The tragedies that have devastated the world in the recent past have mostly been described as nature’s wrath. When floods swallowed up towns, destroying economies when heat waves left hundreds of families hungry, and even when the virus, which still forces people to distance from each other until now, spread worldwide, people were reminded of the abuse of our environment.
You might say that the victims of the disasters were not the most responsible parties in environmental destruction. That’s beside the point. When nature reacts to how we’ve been treating it, it doesn’t discriminate.
But on the other hand, how innocent are we in the devastation of our environment? When we eat our chips, drink our sodas, lounge around the entire day watching movies and TV shows, can we claim we’re not destroying nature?
We need to be conscious of our consumption habits. Hopefully, we have realized that our resources are not unlimited, like how we perceived they were before. It’s not just about fossil fuel running out; it’s about the depletion of forests.
In addition to that, an action in one part of the globe could have a chain effect. Everything happening on earth affects the sustainability of our resources. When lands previously dedicated to agricultural production have been turned into housing projects in developing countries, the supply of grains and other raw products could be affected worldwide.
Patronizing organic products
Organically produced fruits and vegetables and other farm products are not just good for your health. They are also good for the environment since synthetic chemicals are used less. Chemicals used in farming don’t just end up on our food. They also get washed off by rain runoffs and are carried into bodies of water. They could also seep into the water tables under the ground.
Setting up an organic farm is difficult, so few take on the hassles of doing it, which is why organic farmers are encouraged to apply for a USDA loan if disasters hit them. The standards for a farm to be called organic are stringent, and it is more costly than setting up a farm that’s dependent on chemicals. Inputs are less in the long run, but since the harvest is usually lower than that in farms heavy with synthetic fertilizers.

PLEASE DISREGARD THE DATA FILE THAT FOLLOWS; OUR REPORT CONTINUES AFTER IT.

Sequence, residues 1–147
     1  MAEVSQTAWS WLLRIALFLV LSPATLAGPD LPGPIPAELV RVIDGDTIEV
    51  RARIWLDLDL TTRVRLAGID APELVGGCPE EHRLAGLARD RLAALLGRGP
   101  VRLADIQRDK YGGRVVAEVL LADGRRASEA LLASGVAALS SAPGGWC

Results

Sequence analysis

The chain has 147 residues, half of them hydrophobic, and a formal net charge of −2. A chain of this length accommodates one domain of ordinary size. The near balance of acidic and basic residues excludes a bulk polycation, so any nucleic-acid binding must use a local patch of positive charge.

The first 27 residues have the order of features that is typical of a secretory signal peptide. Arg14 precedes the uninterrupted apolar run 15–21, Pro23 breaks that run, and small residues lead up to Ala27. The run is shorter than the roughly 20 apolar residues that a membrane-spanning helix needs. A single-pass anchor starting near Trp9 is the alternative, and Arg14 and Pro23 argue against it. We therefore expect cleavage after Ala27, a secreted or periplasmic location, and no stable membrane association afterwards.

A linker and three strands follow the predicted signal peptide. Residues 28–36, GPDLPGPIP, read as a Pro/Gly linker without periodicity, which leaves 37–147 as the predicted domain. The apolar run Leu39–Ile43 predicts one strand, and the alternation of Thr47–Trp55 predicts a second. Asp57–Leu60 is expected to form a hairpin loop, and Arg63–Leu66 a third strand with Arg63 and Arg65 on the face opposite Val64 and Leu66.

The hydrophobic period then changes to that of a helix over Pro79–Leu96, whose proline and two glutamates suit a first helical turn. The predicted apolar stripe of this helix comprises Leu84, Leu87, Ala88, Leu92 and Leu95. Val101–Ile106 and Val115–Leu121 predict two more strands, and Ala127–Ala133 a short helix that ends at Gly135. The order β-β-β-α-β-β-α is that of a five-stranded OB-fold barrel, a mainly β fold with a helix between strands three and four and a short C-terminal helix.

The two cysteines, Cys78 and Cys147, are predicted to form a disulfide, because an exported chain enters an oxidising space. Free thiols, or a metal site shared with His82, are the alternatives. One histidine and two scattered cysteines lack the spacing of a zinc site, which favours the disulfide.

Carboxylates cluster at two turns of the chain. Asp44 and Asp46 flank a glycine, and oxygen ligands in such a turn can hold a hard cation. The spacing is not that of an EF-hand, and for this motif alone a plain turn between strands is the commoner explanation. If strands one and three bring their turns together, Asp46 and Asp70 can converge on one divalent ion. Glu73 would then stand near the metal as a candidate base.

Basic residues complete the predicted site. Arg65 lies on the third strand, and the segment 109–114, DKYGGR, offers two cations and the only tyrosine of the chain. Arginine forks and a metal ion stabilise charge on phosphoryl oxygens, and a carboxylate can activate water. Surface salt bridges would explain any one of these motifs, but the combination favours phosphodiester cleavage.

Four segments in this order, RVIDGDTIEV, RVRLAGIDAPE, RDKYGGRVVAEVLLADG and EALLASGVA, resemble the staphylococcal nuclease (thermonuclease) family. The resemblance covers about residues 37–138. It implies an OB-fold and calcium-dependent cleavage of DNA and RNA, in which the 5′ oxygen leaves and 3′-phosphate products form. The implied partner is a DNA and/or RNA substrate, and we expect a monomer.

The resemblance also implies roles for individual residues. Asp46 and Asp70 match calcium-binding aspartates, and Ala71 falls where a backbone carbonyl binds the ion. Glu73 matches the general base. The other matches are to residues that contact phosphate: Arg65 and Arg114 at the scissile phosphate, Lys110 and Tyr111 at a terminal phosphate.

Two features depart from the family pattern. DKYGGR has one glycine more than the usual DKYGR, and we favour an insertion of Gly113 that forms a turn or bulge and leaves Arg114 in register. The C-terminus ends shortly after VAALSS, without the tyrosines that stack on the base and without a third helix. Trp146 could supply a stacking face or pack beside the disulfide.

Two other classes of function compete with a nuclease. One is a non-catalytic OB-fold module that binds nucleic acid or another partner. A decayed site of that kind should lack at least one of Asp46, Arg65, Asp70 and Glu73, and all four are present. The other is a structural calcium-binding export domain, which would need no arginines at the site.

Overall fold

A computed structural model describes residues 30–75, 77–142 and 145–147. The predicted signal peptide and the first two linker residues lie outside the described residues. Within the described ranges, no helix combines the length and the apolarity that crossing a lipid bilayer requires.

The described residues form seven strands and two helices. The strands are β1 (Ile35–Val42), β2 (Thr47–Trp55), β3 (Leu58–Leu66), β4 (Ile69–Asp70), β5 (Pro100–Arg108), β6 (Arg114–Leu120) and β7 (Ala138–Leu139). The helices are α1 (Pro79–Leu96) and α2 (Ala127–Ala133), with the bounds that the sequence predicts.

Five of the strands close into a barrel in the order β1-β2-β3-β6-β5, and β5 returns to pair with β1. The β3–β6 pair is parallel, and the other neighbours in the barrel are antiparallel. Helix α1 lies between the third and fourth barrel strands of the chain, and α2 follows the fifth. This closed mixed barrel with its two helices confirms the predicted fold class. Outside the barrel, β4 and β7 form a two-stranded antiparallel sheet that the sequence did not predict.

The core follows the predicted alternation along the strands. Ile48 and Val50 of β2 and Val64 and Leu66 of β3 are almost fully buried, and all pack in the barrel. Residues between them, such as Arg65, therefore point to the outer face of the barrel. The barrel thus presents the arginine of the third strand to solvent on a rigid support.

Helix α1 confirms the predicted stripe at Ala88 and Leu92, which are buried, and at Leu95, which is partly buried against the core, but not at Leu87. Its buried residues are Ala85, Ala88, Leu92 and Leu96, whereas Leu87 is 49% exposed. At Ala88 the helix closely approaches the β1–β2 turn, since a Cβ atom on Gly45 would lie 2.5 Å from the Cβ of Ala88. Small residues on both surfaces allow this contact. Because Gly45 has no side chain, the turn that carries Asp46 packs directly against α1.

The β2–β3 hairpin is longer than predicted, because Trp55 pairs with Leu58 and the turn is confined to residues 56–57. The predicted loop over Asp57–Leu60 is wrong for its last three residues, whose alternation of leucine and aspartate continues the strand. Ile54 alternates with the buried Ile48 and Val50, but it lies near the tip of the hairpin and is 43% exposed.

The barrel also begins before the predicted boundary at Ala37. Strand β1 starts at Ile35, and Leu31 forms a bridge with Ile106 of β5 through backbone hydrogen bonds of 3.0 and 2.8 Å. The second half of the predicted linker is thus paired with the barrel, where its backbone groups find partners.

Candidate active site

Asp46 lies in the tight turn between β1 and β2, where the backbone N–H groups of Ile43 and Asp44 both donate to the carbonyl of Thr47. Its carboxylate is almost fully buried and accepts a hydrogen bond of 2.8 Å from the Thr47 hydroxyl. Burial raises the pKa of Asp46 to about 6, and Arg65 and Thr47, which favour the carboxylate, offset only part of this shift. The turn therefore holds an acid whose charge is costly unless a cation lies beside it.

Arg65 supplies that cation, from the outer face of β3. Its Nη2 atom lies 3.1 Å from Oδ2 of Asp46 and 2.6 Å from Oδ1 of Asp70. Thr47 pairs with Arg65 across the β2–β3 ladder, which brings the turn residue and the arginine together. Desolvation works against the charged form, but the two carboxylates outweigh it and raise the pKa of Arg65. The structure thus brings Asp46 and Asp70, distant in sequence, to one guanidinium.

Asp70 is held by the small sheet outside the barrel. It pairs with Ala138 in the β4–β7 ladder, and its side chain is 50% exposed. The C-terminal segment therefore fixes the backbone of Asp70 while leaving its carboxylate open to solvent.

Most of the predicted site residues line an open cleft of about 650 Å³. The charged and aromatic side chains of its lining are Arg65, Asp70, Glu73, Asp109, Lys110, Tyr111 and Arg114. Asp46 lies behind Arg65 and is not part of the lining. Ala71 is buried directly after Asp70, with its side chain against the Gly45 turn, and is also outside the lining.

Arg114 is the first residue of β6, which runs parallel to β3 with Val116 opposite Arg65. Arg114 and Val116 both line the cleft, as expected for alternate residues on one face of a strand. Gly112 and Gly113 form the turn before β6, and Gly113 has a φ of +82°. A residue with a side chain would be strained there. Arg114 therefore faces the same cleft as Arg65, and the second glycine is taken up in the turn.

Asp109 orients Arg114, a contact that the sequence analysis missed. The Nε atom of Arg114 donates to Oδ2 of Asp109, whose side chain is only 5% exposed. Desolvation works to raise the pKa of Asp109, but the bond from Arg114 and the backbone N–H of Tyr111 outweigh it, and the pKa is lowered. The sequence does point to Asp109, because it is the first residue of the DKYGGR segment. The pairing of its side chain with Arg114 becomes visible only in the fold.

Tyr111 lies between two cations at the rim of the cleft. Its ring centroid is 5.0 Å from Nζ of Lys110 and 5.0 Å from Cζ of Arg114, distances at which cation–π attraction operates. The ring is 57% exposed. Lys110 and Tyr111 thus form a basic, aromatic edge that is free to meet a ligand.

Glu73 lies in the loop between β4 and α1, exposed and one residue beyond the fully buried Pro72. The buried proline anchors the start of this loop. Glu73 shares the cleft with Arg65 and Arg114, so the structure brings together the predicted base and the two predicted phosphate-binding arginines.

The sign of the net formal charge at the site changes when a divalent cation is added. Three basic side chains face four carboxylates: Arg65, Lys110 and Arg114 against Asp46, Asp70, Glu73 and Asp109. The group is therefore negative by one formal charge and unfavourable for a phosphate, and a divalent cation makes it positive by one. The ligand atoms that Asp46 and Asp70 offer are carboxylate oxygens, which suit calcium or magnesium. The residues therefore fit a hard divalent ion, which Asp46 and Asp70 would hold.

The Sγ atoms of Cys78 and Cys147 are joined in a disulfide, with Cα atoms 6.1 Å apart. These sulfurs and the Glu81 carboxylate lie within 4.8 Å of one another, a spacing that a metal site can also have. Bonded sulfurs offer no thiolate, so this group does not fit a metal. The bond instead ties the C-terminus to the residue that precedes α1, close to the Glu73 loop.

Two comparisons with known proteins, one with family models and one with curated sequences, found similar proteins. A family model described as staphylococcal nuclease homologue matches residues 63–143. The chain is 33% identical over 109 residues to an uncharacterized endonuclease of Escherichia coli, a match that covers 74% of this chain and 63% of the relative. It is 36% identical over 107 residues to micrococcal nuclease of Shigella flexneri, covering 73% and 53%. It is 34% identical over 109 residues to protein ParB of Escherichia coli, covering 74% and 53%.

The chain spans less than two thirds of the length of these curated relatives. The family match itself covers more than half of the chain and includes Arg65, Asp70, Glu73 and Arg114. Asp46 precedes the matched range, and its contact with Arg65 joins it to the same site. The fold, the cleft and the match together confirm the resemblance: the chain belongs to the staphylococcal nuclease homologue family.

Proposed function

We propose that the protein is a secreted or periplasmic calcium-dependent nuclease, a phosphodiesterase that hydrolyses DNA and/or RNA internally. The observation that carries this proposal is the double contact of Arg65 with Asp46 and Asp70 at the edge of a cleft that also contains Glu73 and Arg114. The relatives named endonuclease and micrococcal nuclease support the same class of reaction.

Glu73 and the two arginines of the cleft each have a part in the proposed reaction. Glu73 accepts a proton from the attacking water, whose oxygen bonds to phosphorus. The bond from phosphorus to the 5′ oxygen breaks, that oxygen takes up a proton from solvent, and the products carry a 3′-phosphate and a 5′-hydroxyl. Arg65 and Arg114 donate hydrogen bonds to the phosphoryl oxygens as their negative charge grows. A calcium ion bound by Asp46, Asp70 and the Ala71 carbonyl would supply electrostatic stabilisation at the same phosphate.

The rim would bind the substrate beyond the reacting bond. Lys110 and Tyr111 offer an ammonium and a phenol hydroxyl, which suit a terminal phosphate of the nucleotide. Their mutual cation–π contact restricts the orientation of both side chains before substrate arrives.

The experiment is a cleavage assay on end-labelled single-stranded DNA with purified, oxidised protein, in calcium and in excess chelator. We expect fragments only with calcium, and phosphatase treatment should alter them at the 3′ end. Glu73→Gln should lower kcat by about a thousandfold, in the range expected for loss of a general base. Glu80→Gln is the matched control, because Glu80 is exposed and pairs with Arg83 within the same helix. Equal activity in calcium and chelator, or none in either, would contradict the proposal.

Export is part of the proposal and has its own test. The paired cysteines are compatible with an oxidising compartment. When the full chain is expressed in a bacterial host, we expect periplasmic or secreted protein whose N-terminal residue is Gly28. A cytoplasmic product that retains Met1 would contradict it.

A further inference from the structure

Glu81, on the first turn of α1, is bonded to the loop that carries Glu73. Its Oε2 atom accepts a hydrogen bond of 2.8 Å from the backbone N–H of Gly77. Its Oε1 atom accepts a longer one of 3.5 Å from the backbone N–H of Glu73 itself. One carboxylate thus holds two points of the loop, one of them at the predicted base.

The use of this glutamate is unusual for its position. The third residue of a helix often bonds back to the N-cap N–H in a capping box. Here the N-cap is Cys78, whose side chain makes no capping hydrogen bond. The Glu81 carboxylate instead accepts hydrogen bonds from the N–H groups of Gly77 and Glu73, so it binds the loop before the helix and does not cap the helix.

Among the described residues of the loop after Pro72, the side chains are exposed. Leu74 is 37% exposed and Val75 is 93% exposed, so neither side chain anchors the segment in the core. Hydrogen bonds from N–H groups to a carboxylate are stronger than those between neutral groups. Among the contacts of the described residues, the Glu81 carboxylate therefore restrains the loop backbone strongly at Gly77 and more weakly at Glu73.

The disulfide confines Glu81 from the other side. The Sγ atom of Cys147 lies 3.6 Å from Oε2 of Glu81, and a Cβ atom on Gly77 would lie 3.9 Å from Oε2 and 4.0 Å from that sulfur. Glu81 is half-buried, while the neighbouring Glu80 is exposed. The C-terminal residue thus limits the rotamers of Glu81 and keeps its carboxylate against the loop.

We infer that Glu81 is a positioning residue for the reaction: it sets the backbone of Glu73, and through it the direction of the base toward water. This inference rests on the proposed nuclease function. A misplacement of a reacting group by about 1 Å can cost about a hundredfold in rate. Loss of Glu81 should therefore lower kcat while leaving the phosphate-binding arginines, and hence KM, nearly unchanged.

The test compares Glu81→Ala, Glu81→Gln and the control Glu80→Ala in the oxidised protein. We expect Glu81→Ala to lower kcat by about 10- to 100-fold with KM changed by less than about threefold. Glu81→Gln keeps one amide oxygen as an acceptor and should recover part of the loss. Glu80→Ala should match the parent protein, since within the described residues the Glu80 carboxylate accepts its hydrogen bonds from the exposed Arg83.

We need to reduce our waste. It’s not just about the use of plastic and Styrofoam. Plastics just have been vilified more because of their long decomposition time. But it’s not just plastics and Styrofoam that litter our environment.
Even when you’re using biodegradable materials, single-use products contribute to waste that could eventually end up in our waters, harming marine biodiversity. Even if they don’t get dumped into the ocean, biodegradable materials degrade, but the rate is not as fast as you think. Milk cartons are said to be biodegradable. But on average, it takes them five years to decompose. Leather shoes could take 25 to 40 years to decompose, longer than the cigarette butts people flick everywhere. Next time you buy something, think how many times you’d be able to use it.
Buyers often reason that well, it’s already in the market, so they might as well buy it. It’s been produced, so it’s not going to save resources if it’s not sold. But if people keep buying these single-use products, suppliers will keep producing them. On the other hand, if salability goes down, production could eventually stop.
Walking and bicycling
The problem of engine exhaust would forever be there unless all vehicles run on electricity. But then the production of electricity also is mixed. Part of it could be from renewable resources such as solar and wind energy, but the bulk is still from fuel energy. The most environmentally friendly way of getting from one place to another is, of course, using your two feet. In many European and Asian countries, people use bicycles to go to work. Not only do they consequently have less air pollution, but they also get exercise.